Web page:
Your marketing plan could be in pieces and you might not even know it. Think about it—an unsolicited appeal here, a soft-ask there. A direct mail piece sent, an email marketing campaign received on the same day with a different message.
You’re probably thinking, “No, not OUR organization. WE wouldn’t do that.”
No, probably not intentionally; but these are the types of things that could easily happen without an integrated marketing plan in place. And they’re exactly the types of occurrences that turn donors off to even the best organizations.
Let’s talk about what an integrated marketing plan can do for your organization and why you should strive for it.
What Integrated Marketing Is
Let’s boil it down to the simplest of terms—unified.
Sure, it gets more complicated than that; but if you remember nothing else about integrated marketing, remember that you should be taking a unified approach to your marketing tactics.
Integrated marketing means that all the pieces of your marketing campaign are working together seamlessly, whether consistent branding even on stand-alone pieces or
Duct Tape Marketing has perhaps my favorite headline to describe what we’re talking about in an article titled, “What the Heck is Integrated Marketing Anyway?” At one point, I’m sure that’s the exact thought we’ve all had.
The article goes on to describe it as “the tactical delivery of a marketing strategy.” Let’s think about what that means:
- It requires brainstorming and thoughtfulness.
- It means different marketing pieces play into and support one another.
- It means thinking through to the end goal instead of the short term.
Other words that have been used to describe integrated marketing include “seamless” and “multidimensional.”
Multi-dimensional is my favorite part of the description because it implies that there are various aspects to your campaign. It goes further than just having multiple channels of marketing that aren’t stepping on each others’ toes. It could mean that an aspect of your direct mail piece led your audience online to a landing page—and all of the pieces also featured the same hashtag leading to your social media sites that are donning a consistent message; one that relates to the entire campaign.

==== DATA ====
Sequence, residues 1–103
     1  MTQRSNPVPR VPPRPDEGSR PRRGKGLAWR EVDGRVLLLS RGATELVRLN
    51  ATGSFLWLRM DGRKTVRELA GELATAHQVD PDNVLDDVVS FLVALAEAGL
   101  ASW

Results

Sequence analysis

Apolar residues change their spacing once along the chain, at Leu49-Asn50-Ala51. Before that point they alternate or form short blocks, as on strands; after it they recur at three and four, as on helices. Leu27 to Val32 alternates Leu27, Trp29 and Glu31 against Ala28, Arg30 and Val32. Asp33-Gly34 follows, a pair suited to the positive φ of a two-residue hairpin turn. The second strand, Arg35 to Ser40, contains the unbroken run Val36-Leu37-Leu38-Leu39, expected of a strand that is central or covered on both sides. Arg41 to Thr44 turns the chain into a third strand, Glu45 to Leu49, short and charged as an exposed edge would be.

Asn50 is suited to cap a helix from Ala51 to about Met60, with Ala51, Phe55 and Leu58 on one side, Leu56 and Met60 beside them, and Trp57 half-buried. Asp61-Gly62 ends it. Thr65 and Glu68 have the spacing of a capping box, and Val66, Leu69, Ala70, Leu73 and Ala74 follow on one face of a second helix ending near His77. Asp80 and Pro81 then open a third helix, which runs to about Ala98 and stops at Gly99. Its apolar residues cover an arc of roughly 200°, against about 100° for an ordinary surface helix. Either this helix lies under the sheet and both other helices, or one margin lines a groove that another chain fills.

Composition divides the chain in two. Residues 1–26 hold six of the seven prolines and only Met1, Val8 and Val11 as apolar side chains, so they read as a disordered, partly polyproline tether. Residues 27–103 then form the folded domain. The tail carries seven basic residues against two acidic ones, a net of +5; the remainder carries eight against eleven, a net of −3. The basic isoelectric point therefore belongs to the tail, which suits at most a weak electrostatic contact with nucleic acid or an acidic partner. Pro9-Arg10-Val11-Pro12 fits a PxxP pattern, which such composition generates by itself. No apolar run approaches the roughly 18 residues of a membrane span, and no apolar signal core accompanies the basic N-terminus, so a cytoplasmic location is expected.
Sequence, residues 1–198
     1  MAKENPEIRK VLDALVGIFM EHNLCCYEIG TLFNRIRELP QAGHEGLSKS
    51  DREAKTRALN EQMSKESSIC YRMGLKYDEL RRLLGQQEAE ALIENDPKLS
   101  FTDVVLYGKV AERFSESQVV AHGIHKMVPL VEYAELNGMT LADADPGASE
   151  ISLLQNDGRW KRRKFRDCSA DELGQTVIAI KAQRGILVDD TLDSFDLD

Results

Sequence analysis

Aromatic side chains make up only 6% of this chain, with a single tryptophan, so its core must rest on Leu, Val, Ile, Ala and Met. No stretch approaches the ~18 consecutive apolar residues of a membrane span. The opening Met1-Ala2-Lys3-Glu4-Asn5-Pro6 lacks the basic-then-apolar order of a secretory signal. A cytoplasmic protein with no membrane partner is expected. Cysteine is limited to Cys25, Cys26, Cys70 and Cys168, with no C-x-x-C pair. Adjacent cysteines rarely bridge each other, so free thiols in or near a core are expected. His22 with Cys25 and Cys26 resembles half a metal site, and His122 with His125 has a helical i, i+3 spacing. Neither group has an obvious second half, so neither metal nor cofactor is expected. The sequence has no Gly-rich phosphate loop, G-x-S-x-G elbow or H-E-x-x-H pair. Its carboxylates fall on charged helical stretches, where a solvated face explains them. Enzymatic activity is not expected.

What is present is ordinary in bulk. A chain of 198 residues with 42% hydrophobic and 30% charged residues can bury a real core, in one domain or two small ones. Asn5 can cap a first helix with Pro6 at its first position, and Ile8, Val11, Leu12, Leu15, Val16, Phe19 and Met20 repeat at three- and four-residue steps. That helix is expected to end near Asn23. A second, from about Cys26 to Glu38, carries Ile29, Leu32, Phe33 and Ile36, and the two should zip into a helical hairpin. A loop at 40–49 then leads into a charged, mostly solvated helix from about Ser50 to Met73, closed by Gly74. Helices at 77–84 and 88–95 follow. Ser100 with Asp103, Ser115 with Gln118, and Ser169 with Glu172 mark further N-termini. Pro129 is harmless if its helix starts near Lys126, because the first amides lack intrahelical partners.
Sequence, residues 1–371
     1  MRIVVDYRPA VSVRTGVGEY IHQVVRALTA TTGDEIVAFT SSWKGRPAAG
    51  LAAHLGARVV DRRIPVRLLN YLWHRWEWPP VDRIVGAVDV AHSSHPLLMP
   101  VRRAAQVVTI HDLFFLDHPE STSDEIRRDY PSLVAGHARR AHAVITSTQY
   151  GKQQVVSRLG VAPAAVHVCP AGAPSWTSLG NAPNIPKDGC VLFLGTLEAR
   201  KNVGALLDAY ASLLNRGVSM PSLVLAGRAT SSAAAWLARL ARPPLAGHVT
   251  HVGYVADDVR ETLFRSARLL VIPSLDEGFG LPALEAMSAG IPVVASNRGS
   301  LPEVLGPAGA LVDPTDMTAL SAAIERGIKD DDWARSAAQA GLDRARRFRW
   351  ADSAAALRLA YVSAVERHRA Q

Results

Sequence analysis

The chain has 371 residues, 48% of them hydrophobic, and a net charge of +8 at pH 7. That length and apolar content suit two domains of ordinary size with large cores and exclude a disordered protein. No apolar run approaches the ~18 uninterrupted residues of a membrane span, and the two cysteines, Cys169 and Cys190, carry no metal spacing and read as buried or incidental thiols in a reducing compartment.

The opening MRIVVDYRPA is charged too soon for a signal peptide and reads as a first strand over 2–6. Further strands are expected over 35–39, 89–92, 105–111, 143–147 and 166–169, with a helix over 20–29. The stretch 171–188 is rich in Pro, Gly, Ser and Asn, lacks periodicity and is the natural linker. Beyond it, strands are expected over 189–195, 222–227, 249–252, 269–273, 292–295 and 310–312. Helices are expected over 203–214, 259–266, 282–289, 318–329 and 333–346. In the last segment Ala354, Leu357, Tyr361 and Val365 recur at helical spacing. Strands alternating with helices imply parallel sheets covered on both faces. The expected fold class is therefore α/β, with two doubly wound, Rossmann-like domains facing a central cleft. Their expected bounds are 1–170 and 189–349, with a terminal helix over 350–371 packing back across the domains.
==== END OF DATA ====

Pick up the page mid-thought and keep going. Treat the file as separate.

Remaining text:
What It Means for Your Organization
Many of you out there are a one-person marketing department. In this case, that could give you an advantage (say what?!). If you have one person controlling the brand of your organization, it’s easier to keep consistency across all channels. The downside is that you’re only one person, which makes brainstorming and planning more difficult. If that’s the case, find a test group to talk about your plans and to bounce ideas off of.
If you’re a larger organization, you’ll have more hoops to jump through in order to keep the consistent branding and message across all boards. You can combat that issue by developing branding guidelines and a system to check off for consistency. Your advantage as a large nonprofit is that there are strength in numbers when it comes to the planning process for your marketing plan. Make sure to utilize it.
Look for Unique Ways to Integrate
Remember, there are many different ways to integrate across your organization. For example, our friend Steven Shattuck wrote for us about the importance of integrating your donor acknowledgements and appeals.
Unified, seamless and multidimensional should be words that describe the caliber of your entire organization.
You’re taking a step in the right direction by simply thinking in an integrated mindset.
Tell us in the comments below—how is your organization using integration for marketing success?